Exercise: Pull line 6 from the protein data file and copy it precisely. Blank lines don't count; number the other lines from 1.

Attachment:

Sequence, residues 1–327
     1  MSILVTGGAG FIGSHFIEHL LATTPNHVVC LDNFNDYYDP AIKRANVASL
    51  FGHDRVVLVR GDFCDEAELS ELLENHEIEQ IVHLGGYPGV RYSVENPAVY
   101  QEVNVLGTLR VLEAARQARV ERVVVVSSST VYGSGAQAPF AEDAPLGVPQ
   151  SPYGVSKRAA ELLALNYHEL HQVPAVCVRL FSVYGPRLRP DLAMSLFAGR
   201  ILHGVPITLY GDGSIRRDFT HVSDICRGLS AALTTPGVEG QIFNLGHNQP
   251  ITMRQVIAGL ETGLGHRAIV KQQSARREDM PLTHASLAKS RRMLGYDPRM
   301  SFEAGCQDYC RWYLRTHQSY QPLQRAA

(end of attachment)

   201  ILHGVPITLY GDGSIRRDFT HVSDICRGLS AALTTPGVEG QIFNLGHNQP